Ferals

Feral animals are a threat to native animals and plants. These animals compete with native species for food, habitat and shelter and can spread disease and parasites. Some predate on native and endangered species, reducing their numbers dramatically. Others cause major impact by eroding soil and waterways.

Rangelands NRM often work with appropriate groups on control projects, including the Regional Biosecurity Grouops (RBGs).

Key feral species in Australia

  • Feral cats (Felis catus) – Feral cats are the same species as domestic cats, however they live and reproduce in the wild and survive by hunting or scavenging. Feral cats threaten the survival of over 100 native species in Australia. They have caused the extinction of some ground-dwelling birds and small to medium-sized mammals and are a major cause of decline for many land-based endangered animals such as the bilby, bandicoot, bettong and numbat. They can also can carry infectious diseases which can be transmitted to native animals, domestic livestock and humans. Control of feral cats is challenging as they are found in very low densities over large home ranges and are shy, making them difficult to locate. The current control methods of shooting and trapping feral cats are quite difficult, expensive and time consuming and require skilled staff. The most effective form of feral cat control over large areas is poison baiting, and there are currently a number of baits being trialled for feral cats including Curiosity® and Eradicat®.
  • Wild dogs– The term wild dog is used to describe pure-bred dingoes (Canis lupus dingo), feral/escaped domestic dogs (Canis lupus familiaris) and their hybrids. Wild dogs are a major pest species impacting on grazing industries across mainland Australia and their predation on livestock is taking a heavy economic and emotional toll on livestock producers in affected pastoral and agricultural areas. Controlling wild dogs is a complex issue. Some strategies include baiting and barrier or cell fencing.
  • Cane Toads – Cane toads (Rhinella marina, formerly Bufo marinus) were introduced into Queensland and New South Wales in the 1930s to control beetles that were decimating sugar cane crops. Since then, they have been breeding out of control and poisoning native species. Because cane toads aren’t native to Australia, there are no natural predators or diseases that could control them, or keep them in check. In 2009 they spread into the Kimberley region of Western Australia, reaching Kununurra in 2010 and Halls Creek in 2014.
  • Feral camels – Australia may now have the largest wild population of Arabian camels (Camelus dromedarius) in the world. First introduced into Australia in the 1840’s to assist in the exploration of inland Australia, they live in most of Australia’s desert country. Camels add to the total grazing impact, destroy fences, foul water holes, damage cultural sites and are a potential carrier of exotic diseases that may be a threat to livestock.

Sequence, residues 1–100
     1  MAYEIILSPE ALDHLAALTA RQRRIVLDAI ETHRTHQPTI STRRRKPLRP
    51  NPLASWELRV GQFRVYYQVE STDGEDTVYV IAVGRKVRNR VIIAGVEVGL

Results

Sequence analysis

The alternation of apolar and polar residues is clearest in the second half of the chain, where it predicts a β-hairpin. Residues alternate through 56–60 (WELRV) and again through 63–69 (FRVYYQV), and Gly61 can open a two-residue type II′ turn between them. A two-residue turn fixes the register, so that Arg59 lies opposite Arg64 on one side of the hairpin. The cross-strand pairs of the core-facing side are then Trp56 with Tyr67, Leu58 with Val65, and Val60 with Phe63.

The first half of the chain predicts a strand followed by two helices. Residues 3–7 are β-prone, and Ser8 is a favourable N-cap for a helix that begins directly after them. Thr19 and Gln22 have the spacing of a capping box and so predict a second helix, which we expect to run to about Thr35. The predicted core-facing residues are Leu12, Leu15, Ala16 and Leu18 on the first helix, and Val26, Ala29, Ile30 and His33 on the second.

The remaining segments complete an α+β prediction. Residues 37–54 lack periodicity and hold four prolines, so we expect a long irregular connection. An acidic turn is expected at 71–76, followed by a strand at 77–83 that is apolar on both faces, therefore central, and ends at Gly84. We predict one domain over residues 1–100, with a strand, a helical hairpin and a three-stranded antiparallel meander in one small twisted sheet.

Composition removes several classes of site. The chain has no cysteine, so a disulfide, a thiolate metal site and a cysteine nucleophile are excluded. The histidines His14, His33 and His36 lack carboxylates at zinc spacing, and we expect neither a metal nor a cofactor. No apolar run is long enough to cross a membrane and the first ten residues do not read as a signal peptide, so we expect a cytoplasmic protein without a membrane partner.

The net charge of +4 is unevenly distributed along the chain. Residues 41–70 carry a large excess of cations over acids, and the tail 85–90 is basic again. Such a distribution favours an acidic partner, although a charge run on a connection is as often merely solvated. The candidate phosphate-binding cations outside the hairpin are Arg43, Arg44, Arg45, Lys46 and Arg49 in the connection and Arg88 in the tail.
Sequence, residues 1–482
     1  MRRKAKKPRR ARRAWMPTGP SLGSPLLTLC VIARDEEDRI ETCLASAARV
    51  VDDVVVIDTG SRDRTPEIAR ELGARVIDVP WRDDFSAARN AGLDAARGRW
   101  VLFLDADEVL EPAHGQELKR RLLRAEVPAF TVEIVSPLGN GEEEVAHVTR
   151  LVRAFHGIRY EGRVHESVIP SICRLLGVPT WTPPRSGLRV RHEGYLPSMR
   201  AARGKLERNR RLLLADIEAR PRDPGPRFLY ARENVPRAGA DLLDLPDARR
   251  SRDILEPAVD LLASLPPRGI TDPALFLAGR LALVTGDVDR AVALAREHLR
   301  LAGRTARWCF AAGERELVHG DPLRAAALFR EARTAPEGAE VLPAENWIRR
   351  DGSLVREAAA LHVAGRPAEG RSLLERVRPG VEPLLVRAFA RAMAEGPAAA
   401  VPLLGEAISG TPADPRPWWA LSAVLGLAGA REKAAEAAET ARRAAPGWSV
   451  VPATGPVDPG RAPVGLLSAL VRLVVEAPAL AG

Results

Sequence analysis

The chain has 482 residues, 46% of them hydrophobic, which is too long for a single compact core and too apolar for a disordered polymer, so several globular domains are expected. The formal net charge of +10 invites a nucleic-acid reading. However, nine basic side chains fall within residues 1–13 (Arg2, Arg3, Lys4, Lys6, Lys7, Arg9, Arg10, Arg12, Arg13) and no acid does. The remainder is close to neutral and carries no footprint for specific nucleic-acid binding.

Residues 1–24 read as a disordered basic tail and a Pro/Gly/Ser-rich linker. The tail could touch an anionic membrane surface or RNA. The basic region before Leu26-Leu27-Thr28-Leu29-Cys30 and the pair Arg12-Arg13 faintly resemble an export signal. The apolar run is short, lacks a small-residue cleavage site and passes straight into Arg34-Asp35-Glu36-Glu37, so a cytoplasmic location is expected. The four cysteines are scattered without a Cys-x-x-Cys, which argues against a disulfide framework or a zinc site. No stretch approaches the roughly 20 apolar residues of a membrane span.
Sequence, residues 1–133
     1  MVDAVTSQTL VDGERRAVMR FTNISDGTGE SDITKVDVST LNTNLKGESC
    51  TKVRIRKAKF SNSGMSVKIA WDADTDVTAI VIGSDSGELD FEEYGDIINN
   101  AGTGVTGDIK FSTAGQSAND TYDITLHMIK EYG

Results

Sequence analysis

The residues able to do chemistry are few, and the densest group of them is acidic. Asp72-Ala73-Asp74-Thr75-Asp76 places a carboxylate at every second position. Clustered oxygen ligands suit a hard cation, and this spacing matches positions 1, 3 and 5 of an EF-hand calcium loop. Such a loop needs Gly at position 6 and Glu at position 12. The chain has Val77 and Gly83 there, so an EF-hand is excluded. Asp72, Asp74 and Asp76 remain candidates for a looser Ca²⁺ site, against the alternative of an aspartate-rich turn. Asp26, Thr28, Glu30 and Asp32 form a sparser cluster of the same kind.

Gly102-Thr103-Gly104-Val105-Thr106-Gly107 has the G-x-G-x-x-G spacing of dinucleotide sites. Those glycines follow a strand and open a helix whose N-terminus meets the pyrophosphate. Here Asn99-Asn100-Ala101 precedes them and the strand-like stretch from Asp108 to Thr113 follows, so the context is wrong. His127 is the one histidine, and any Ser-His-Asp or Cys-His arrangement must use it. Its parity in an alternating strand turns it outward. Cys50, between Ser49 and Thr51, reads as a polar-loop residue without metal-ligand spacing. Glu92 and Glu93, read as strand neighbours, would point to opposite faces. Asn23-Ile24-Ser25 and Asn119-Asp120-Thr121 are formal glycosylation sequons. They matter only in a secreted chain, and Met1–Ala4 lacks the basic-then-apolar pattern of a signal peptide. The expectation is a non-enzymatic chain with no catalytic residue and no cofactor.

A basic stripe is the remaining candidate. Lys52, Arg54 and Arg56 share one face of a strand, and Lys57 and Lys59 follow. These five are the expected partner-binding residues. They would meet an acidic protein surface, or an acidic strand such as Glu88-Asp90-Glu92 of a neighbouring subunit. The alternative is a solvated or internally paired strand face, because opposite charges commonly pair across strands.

• European red fox – Foxes (Vulpes vulpes) are opportunistic predators and scavengers and pose a threat to livestock, preying on poultry, lambs and goat kids. They have few natural predators in Australia.
  • Feral horse – Horses (Equus caballus) were introduced with European settlement and gradually escaped or were released, particularly in cattle country.   Because their diet is similar to cattle, horses cause particular stress during drought. There is also good evidence that horses cause significant environmental damage including fouling waterholes, damage to native vegetation and through soil compaction. Areas used by horses during drought are believed to be important refuge areas for many native plants and animals. The feral donkey (Equus asinus) has a similar impact.
  • Feral pigs – Feral pigs cause agricultural damage through preying on newborn lambs, reducing crop yields, damaging fences and water sources, and competing with stock for feed by consuming or damaging pasture.
  • Feral goats – Australia has an estimated 2.6 million feral goats (Capra hircus) that degrade pasture and impact negatively affect conservation values and biological diversity by damaging the vegetation and competing with native animals. They are, however, also considered by many pastoralists, a resource.  Commercial exploitation of feral goats is now an industry worth about $29 million a year.
  • Feral wild rabbit – Rabbits (Oryctolagus cuniculus) graze on native and introduced vegetation, crops and pastures, which can prevent seedlings from regenerating and reduce crop yields. They compete for feed with livestock and their digging and browsing leads to a loss of vegetation cover, which in turn can result in slope instability and soil erosion. Rabbits also damage native plants and directly compete with native wildlife for food and shelter.

Control methods

Conventional methods of control include fencing, trapping, baiting and shooting. Fencing is used to exclude feral species (such as dogs, cats and foxes) from a particular area. A variety of traps can be used to catch animals, particularly when to come to watering holes to drink. Baiting of feral animals is usually done using the poison 1080 and many native herbivores have evolved a much higher tolerance to 1080 than feral animals. Shooting by trained shooters (particularly from helicopters) is common where ferals are in vast remote areas or in rugged terrain. This is quick and humane. More recently, biological control is being used where pests are controlled by nature predators, parasites or bacteria and viruses.

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